Minimum Design Metal Temperature

The minimum design metal temperature (MDMT) is defined in Division 1 as “the lowest (temperature) expected in service.” This temperature is essentially the same as the minimum pressurizing temperature (MPT) in Company terminology. For most vessels, the minimum design metal temperature is the lowest metal temperature permitted at the MAWP. The Company’s current practice is to limit the operating pressure to 40% of MAWP at temperatures below MDMT.

This practice (allowing pressurizing to 40% of MAWP when below the minimum design metal temperature) has changed for vessels built in 1999 and later. This is due to the fact that ASME increased the allowable stresses for Division 1 vessels in 1999. For the newer vessels, limit operating pressure to 35% of MAWP at temperatures below MDMT. Refer to Section 342 of the Corrosion Prevention and Metallurgy Manual for more information, and consult a specialist to confirm if this practice applies to your situation.

The minimum design temperature should never be above 50°F, unless the circumstances are discussed with an experienced pressure vessel engineer.

The minimum design metal temperature can be established for a vessel in several different ways depending upon how the vessel will be operated, as discussed below. It is necessary to assure resistance to brittle fracture at the minimum design temperature. This is accomplished by either selecting materials that are known to have adequate toughness at the minimum design temperature, or requiring CV-impact testing in order to establish that adequate toughness exists. Preventing brittle fracture is discussed in Section 500, and the Specifications section. The model specifications contain recommendations for procuring equipment with adequate resistance to brittle fracture.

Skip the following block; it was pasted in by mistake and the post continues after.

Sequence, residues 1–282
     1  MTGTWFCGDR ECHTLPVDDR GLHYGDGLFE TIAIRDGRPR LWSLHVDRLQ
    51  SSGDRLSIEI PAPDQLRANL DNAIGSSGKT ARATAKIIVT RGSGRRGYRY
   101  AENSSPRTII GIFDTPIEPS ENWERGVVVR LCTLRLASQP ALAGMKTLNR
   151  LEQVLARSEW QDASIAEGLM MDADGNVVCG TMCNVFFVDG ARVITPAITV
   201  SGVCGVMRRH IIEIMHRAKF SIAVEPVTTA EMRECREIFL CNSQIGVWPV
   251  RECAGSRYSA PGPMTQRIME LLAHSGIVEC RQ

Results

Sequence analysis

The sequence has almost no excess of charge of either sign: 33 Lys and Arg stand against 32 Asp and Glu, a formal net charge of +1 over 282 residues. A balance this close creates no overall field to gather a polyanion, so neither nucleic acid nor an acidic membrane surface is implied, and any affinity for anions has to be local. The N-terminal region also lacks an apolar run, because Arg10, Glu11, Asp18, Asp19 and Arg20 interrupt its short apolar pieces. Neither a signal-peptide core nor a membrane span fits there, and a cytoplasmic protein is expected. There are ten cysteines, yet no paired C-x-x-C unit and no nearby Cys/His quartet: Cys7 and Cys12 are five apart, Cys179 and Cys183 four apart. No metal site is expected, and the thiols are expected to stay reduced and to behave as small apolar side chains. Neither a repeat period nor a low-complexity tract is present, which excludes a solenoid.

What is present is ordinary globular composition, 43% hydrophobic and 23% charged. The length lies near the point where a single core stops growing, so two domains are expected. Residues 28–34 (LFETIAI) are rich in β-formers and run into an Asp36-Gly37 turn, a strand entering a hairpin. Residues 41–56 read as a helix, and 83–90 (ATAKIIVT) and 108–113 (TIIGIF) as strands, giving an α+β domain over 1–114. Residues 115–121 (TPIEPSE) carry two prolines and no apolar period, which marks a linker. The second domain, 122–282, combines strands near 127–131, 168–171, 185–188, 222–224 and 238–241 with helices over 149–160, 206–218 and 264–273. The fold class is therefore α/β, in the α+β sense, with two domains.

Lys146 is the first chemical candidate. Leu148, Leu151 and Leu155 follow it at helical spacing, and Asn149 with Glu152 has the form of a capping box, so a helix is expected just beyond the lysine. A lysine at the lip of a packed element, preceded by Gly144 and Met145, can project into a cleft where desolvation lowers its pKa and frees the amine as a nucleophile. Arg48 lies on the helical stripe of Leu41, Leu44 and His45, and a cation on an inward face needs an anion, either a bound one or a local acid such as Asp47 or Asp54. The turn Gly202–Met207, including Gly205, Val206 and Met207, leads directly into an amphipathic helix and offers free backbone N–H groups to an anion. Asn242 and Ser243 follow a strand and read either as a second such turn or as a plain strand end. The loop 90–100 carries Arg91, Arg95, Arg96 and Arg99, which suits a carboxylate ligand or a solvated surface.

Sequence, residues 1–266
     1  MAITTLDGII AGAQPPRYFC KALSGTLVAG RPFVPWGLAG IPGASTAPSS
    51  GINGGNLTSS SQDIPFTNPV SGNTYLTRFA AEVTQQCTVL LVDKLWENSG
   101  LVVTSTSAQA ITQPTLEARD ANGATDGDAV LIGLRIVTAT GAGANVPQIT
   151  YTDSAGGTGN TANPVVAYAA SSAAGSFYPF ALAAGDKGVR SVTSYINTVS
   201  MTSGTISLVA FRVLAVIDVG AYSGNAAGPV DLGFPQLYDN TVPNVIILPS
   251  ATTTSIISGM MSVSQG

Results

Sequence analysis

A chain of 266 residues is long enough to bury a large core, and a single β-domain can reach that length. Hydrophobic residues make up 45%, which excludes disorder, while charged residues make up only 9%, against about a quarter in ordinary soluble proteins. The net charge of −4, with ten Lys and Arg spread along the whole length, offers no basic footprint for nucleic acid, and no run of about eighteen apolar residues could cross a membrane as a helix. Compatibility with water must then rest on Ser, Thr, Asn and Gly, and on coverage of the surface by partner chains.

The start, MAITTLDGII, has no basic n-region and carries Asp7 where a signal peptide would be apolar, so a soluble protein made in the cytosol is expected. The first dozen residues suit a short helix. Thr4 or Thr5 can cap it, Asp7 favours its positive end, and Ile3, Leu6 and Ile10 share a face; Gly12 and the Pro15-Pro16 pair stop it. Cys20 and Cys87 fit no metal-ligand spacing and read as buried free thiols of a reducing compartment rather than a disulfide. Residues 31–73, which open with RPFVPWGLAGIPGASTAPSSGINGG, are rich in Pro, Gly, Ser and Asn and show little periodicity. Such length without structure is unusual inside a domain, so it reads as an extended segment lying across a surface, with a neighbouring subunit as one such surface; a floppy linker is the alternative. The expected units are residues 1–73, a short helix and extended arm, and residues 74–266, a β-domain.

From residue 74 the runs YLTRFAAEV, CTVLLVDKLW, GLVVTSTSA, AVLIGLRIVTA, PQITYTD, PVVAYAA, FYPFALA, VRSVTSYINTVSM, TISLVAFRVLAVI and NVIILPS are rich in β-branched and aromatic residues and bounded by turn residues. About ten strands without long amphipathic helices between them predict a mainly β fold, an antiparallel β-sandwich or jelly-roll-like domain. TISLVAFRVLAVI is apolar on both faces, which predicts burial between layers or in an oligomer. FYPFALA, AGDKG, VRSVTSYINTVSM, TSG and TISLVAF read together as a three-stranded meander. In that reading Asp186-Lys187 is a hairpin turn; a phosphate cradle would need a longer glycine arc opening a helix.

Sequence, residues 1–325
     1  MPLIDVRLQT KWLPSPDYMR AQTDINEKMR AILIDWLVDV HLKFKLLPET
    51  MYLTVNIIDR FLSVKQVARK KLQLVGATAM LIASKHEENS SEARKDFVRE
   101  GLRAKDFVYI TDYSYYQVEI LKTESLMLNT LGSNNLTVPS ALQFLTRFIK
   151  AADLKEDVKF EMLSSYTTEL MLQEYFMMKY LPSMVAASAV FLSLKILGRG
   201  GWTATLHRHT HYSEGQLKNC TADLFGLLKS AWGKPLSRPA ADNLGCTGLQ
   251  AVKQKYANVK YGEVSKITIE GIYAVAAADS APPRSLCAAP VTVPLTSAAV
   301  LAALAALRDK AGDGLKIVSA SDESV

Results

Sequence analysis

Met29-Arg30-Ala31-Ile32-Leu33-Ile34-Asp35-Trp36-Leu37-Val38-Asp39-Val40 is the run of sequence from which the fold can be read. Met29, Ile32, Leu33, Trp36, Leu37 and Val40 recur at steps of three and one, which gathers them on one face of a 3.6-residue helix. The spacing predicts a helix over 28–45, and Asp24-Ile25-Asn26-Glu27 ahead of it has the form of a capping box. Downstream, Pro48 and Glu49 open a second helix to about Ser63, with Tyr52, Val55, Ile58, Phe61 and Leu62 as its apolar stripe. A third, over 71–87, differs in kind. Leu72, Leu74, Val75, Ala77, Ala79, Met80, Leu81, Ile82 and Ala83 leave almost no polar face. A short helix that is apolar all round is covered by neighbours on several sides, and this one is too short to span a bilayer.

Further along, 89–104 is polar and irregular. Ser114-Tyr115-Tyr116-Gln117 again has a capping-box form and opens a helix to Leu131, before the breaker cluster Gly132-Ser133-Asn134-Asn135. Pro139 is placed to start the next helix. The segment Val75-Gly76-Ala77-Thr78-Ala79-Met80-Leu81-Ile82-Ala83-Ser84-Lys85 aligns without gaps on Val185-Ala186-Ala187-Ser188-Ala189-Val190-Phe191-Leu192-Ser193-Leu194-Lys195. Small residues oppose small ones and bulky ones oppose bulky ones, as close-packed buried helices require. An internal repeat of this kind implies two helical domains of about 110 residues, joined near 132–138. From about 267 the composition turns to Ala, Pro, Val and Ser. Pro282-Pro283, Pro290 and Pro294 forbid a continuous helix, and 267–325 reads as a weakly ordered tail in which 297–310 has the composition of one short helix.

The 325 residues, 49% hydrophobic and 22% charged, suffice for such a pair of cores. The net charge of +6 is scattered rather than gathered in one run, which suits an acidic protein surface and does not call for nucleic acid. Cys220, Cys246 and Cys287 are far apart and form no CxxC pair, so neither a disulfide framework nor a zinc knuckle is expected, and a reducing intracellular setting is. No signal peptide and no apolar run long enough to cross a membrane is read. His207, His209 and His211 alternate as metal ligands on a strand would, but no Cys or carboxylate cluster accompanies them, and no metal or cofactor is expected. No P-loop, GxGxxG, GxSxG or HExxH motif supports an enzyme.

It is preferable to use materials with assured adequate toughness as designated by the Code curves described in Section 500. Materials that require CV-impact testing can be substituted if the vessel fabricator advises that they are more economic or if procurement will be expedited. But the substitution should be discussed with an experienced pressure vessel engineer before it is permitted.

Whenever CV-impact testing is required, the tests must be conducted at the minimum design temperature (for the base metal, weld metal, and heat affected zone) for all weld procedure qualifications. In addition, production test plates may need to be prepared during fabrication of the vessel to verify that the materials and welding consumables actually used will provide the required CV-impact toughness.

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